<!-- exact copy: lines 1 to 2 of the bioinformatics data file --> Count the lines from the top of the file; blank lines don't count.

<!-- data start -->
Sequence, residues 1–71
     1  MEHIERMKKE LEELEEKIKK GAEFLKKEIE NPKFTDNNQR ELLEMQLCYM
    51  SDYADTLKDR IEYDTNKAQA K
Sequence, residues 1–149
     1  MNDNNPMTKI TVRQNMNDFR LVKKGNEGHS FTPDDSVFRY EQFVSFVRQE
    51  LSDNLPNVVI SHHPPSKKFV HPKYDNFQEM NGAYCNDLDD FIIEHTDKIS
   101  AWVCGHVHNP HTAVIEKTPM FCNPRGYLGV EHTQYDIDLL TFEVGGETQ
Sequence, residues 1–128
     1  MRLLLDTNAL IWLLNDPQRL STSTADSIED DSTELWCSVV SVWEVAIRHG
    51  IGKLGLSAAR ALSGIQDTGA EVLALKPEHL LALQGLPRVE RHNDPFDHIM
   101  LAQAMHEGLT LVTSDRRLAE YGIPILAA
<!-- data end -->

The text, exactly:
Sequence, residues 1–71
     1  MEHIERMKKE LEELEEKIKK GAEFLKKEIE NPKFTDNNQR ELLEMQLCYM